Growing your own bean sprouts is easy enough for children to take on. It’s perhaps the reason why this endeavor is a common project in elementary school classes. Even without a garden or a pot, you can cultivate these at home and end up with sprouts that are more delicious than the store-bought kind.
To grow your own bean sprouts, use something porous to contain your beans. A flat and rectangular strainer or coriander works perfectly. Place a pan underneath the strainer to catch water. Make sure your equipment is clean when tending to your plants and keep insects away from your mini-garden.
Procure dried monggo beans and soak them in water to cover at least 2.5 cm above the surface level. Soak the beans in room temperature for 6 hours or more. Afterwards, line the strainer with two layers of damp paper towel to keep the plants moist. Scatter the wet beans on top of this setup and cover your mini-farm with a dishtowel. Choose dark-colored towels to control the light coming in and to ensure your bean sprouts won’t taste bitter.
Set the beans in a shaded area in the house for a couple days and water the plants 2 or 3 times a day. After 5 or 6 days, you’ll be rewarded with fresh sprouts. Remember to cook them well to kill off any bacteria and enjoy!
If you’re into homemade pizzas or omelets, why not try growing your own mushroom at home? You can grow the usual ones that you buy in cans or packs at the grocery: shiitake, white button or oyster mushrooms. In particular, oyster mushrooms can be cultivated from coffee grounds. Using this process will allow you to produce free, organic mushrooms from stuff that you often have and just throw away.
To start off, purchase oyster mushroom spawn from a nearby farm or an online seller. Once you have the spawn on hand, collect fresh coffee grounds. If you don’t really consume a lot of coffee at home, it’s alright to ask used coffee grounds from your local coffee shop. It is important that the grounds are fresh to grow mushrooms successfully. If you have a choice, choose espresso grounds as they are the ideal substrate.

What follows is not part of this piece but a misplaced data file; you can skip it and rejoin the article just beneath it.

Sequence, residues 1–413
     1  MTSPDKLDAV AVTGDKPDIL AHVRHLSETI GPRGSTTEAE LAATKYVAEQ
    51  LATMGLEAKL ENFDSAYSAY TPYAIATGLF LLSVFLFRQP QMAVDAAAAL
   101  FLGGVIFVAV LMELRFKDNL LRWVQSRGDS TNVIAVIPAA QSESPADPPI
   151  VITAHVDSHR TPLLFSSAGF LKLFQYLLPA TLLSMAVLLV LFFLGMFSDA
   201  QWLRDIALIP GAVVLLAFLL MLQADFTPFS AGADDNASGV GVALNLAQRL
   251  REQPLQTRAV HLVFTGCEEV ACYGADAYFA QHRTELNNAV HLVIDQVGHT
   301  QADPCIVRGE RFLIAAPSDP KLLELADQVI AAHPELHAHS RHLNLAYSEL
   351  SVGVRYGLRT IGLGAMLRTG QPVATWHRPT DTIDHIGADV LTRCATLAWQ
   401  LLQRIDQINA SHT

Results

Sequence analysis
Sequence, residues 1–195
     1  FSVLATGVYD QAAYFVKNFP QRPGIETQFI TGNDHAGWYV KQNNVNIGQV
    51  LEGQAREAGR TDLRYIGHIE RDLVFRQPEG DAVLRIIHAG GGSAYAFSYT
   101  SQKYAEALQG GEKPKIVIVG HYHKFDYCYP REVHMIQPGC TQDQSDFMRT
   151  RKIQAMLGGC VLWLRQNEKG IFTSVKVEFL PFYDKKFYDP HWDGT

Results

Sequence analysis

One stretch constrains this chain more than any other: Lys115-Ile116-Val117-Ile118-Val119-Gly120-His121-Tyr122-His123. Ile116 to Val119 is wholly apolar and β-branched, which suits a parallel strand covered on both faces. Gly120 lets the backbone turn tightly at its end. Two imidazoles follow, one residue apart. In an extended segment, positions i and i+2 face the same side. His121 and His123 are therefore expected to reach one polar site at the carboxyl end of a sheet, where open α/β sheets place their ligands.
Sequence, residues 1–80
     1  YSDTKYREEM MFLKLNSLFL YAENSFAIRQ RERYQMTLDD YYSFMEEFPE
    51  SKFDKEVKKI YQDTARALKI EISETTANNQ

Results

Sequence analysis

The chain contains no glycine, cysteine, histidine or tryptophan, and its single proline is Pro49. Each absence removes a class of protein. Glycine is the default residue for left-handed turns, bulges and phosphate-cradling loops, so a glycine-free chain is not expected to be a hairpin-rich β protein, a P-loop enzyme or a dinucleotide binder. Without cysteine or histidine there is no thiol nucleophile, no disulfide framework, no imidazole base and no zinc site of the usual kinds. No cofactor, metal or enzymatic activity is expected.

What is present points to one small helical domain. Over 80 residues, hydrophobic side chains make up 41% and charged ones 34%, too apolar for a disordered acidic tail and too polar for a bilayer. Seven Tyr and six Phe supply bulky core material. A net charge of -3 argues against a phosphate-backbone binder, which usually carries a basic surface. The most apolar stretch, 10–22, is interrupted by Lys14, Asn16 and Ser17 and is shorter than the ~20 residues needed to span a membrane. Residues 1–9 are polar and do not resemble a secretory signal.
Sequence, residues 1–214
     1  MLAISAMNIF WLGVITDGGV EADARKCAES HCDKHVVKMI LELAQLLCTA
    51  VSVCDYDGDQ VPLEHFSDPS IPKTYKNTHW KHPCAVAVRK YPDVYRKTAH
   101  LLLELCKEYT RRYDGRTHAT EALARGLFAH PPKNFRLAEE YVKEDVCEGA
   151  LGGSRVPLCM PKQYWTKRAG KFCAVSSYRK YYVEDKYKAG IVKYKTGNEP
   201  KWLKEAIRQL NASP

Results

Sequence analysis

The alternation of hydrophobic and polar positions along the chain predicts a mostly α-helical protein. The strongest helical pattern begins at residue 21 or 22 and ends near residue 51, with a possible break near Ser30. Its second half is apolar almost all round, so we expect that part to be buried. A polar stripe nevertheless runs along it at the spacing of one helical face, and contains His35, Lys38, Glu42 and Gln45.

Mix together the ground and spawn. The ratio should be that the oyster mushroom spawn will be equal to 10 percent of the coffee ground weight. Add moist sawdust pellets to the mixture, with the sawdust weighing roughly 20 percent of the coffee grounds. Make sure to crumble the grounds when mixing.
Place the mixture in a plastic container and set put in a warm, dark space for two to three weeks. The room should ideally be 20 to 24 Celsius in temperature. Once the contents of the bags turn bright white, relocate the bag in a shaded spot with indirect sunlight. Cut a hole in your bag for the mushrooms to push out of and water the plant every day. In 5 to 10 days, you should be able to see some mushrooms growing through the bag. Continue cultivating it for a week to allow the mushrooms to increase in size. When the caps of the mushrooms turn flat, harvest with a knife and enjoy!
Make the most out of the ECQ and unleash your inner gardener. Whether you live in a small apartment unit or a house with a yard, you can pretty much self-sustain if you have a little patience and tons of creativity.
Julie Gibbons via flickr.com
thanhlocpham via pixabay.com